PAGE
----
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Springtime Guided Walks

February 22, 2016 No Comments

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Springtime holidays in Cornwall are an opportunity to explore the county during a period of growth and rebirth. It also brings the Falmouth Spring Festival, which runs from the 10th to the 28th of March. One of the best thing about the festival is the abundance of guided walks on offer through out the festivities.
Seashore Foraging – Thursday 10th March only
Starting at Gyllyngvase Beach and taking in 2 miles of coastline with some rock-pool scrambling, this tour will teach you how to identify edible plants and forage safely and legally. There will also be some prepared wild nibbles to start you off.

The session starts at 10.45am and lasts for an hour and a half. It costs £35 for adults and £25 concessions. For information call Rachel on 01736 361454 or email rachel@wildwalks-southwest.co.uk
Through Falmouth Town – 10th, 16th, 22nd March
This one and a half hour walk through the centre of Falmouth is led by renowned guide, Paul Simmons, who runs walkitcornwall. This tour will lead you through 350 years of Falmouth in an informative and entertaining manner, taking in the odd ghost and cannibal tale along the way.

The walk begins at the Maritime Museum at 5pm. Call 07714084644 or email info@walkitcornwall.co.uk
Poldark’s Falmouth – 11th, 19th, 25th, 26th March
This tour is bound to be popular so booking is advised. Winston Graham’s Poldark novels dealt with smuggling, shipwrecks, riots and the packet ships of Falmouth. The walk links these themes to specific sites in Falmouth.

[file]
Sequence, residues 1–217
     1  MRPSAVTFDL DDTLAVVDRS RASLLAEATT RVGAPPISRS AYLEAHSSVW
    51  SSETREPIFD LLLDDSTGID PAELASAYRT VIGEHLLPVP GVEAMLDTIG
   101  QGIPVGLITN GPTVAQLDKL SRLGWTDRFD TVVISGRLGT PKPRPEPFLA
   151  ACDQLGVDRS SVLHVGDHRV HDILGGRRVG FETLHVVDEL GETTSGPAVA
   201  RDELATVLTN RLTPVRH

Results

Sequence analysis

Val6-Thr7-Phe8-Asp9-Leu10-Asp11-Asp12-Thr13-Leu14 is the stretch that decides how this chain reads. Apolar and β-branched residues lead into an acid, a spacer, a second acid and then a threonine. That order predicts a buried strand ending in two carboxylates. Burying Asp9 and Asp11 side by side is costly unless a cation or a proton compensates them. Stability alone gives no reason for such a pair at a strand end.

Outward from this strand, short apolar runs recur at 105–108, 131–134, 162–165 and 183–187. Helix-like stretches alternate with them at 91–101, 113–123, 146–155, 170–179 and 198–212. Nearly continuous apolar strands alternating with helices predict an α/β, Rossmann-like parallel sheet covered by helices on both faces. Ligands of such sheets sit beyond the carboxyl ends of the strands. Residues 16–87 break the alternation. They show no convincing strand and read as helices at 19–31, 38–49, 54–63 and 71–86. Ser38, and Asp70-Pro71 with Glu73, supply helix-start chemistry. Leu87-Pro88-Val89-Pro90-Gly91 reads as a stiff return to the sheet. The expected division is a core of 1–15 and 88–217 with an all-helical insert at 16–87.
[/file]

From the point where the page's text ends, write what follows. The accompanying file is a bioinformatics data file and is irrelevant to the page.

The walk begins at the Maritime Museum at 5pm. Call 07714084644 or email info@walkitcornwall.co.uk
Explore Mawnan’s Coast – 12th, 19th March
Take in the Helford river, woodlands, hidden valleys, historic trackways and the SW Coastal Path with Explore in Cornwall’s Steve Crummay. There’s a wealth of history and wildlife to explore in this 3.5 mile walk.

Starting at Mawnan Church car park, the walk begins at 10am and takes approximately 4.5 hours. Tickets cost £5 or £2.50 for concessions. Contact 01736 740234 or email info@exploreincornwall.co.uk

Helford and Gillan Creek – 13th, 19th March
Across the river from Cornish Holiday Cottages, Gillan Creek sits in a relatively unexplored part of the Helford Estuary. On this walk you’ll be taking in ancient western oak woodland looking for a wide range of wildlife in stunning coastal and estuarine habitats. There will be otters and wintering bird life to look out for in the river, creeks and coast.

Starting at Helford Car park, the walk begins at 10am and takes approximately 4.5 hours. Tickets cost £5 or £2.50 for concessions. Contact 01736 740234 or email info@exploreincornwall.co.uk
Free Nordic Walking Trial – 18th March
Nordic Walking is a full body, vigorous walking experience using poles. You build up rhythm linking the swing of your arms to smooth pelvic motions and stride length. If that sounds like your idea of fun, then there’s a free try out at Trelissick Gardens with an INWA Instructor.